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there is always something (why I shoot film)

There are maybe ten shots left on the roll. Outside the metro, a collection of pigeons sit on minuscule ledges above two old men. They talk as all old men do, with operatic waves of their hands, sour expressions, belly laughs, eventually scratching their chins as they stare off at nothing in particular. I am pretending to take pictures of something near them, then swing across when they are not looking to shoot a few frames. At one point I surrender to the afternoon and move on.

And now, the courtyard that leads to the film lab. A great old building rests here, a school of architecture where students mill around dressed in black sucking on cigarettes with giant portfolios tucked under their arms. A young man approaches me. I am ready to tell him I have no idea what he is saying, but he wants to know where the film lab is. I jut my chin, telling him the door is just beyond a few bushes. He nods his thanks.

There are screens set up in a jagged line, sheathed in filthy white plastic to …

how Don Quixote found his Dulcinea

A few thousand years ago I wrote a screenplay that was a retelling of Don Quixote. I set it in Brooklyn. Sancho Panza was a hairy little man who sounded just like Peter Falk. It was the kind of story a young man would work on late at night with the windows open, sipping good scotch, making himself laugh as he sat alone in an empty room. I showed it to friends, strangers, random people. No one knew what to tell me, just a lot of sheepish looks and no eye contact. One offered this - "I don't understand it very much - all I get is that the main character is you."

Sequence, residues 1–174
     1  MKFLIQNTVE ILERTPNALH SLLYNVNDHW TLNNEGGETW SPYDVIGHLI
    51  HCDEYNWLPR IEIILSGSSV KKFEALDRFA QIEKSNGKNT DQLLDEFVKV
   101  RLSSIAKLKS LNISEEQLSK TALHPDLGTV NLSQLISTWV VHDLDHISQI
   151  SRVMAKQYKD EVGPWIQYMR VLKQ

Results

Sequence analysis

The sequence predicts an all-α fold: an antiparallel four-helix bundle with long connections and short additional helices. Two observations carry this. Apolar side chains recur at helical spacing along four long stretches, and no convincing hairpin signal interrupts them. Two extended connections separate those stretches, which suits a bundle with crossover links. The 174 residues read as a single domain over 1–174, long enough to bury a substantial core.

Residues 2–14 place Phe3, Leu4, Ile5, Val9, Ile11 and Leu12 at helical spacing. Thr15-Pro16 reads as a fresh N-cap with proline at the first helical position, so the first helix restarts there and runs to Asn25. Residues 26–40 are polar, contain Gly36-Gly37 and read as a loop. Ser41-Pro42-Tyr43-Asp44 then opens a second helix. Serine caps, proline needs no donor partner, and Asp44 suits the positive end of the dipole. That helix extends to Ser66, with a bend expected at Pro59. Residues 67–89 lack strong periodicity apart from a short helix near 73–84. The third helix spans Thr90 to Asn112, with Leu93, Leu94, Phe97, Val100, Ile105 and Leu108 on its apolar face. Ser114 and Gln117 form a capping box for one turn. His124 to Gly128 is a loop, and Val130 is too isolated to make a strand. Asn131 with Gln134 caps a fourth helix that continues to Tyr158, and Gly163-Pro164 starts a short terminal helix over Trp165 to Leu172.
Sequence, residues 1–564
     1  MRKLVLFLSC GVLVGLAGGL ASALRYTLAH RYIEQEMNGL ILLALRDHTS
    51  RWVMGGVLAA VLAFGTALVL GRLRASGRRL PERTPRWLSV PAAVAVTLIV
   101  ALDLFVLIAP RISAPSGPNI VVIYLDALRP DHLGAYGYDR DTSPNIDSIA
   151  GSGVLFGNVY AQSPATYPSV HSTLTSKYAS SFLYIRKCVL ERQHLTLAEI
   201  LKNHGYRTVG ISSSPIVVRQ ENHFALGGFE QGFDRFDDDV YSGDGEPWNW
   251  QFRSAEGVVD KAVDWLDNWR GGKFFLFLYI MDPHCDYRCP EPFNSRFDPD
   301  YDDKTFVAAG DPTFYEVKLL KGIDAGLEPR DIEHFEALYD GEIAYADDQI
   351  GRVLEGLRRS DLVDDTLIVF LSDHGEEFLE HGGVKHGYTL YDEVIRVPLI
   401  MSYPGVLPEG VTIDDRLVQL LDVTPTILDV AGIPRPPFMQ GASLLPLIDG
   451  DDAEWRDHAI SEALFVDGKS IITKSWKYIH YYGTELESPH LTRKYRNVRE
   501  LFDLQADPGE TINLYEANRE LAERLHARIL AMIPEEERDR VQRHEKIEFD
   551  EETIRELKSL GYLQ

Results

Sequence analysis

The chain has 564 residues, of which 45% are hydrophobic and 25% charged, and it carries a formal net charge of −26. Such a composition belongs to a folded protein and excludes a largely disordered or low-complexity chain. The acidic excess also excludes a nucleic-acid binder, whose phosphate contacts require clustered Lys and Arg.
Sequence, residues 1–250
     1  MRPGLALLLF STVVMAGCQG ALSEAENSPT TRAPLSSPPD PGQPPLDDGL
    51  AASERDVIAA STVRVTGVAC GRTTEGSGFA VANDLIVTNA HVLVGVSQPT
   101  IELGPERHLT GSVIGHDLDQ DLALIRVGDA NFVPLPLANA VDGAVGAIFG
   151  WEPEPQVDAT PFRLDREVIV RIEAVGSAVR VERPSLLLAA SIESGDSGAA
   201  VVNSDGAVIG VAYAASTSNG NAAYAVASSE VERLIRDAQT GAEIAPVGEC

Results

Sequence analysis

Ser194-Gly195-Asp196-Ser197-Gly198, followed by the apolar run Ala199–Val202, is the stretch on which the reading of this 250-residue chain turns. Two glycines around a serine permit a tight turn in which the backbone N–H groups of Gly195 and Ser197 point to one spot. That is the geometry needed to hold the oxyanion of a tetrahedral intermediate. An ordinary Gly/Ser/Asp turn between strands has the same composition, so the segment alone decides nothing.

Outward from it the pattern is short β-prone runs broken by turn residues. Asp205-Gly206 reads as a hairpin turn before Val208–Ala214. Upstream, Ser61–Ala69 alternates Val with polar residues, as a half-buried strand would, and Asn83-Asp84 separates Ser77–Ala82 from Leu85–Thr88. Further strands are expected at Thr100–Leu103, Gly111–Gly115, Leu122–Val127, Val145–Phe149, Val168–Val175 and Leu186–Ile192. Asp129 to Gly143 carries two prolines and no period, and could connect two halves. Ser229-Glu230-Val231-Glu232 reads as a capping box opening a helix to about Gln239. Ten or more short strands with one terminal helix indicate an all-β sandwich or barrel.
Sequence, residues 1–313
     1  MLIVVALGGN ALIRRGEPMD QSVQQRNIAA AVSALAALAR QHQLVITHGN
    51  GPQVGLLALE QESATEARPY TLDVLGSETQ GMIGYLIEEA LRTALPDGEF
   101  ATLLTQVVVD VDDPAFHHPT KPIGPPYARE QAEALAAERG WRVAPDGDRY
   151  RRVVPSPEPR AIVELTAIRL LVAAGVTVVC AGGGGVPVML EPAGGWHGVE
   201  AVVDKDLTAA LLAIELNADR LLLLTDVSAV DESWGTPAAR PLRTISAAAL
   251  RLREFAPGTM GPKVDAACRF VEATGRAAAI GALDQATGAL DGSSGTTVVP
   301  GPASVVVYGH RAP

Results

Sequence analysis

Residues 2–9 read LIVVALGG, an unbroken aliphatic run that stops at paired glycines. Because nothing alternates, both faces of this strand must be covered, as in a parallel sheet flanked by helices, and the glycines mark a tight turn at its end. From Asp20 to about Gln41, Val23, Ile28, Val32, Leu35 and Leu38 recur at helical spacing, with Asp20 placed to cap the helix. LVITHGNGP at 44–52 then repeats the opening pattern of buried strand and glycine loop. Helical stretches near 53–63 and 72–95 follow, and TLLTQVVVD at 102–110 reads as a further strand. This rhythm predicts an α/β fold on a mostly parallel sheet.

My Quixote believes that at birth, half of a magnet is planted in a person's heart. The other half exists in another heart and depending on how these two people approach each other, they are either attracted or repelled. Love and magnets play heavy in the story, and when he does come across Dulcinea as she finishes skating at Wollman rink in Central Park he sits next to her, terrified, excited, waiting. Nothing happens. He jumps to sit on the other side of this woman as she sips her cocoa. He speaks to her, boldly convinced she knows about the magnets too. The moment disintegrates, and she runs off after throwing her rented skates at him. 

Head bleeding in the snow he heads home, defeated but satisfied he met her. 


Last Thursday I bought some sea bass at rinok, watching them gut the fish, wiping it clean and sliding a knife under the skin to make fillets. I bought sulguni from my favorite cheese lady, the one with the red hair and the missing teeth. I bought flour to make chadi, and dried fruit, almonds and walnuts. The air was cold, my breath making little clouds inside the place but I swept my hat off, feeling the smell of pickles and meat and bone on my skin. Fresh bread was baking. There were rows of sturgeon on the ice, their yellow fat like butterscotch pudding oozing from their prehistoric skins.

Outside I called E, telling her I would be there in ten minutes, that she could pack up her books and head downstairs.

We crossed Kutuzovsky and I lead us to the left.
"Where are we going?" She asked.
"To the flower shop." I tell her.
"Why today?" E asks.
"It is the anniversary of the day I met N." I explain.
"The day WE met N." She corrects me.
I laugh in the street as we yank the door open. There is the smell of carnations and lilies on us, like an old lady's perfume shelf.



N comes home, cheeks red, skin shining in the dim hallway. I stare at her for a moment, then wave my hand for her to come to the kitchen. 
The roununclus are sitting in a vase. 
She knows what they are for.



Comments

liv said…
Hahaha - that was so sweet. And now you never have to guess which side of N to sit on. You stick together no matter what or where.

And E had her own little magnet too - as she reminded you. I love it!
liv said…
PS: I forgot to say congratulations on your anniversay and I truly mean that!!!

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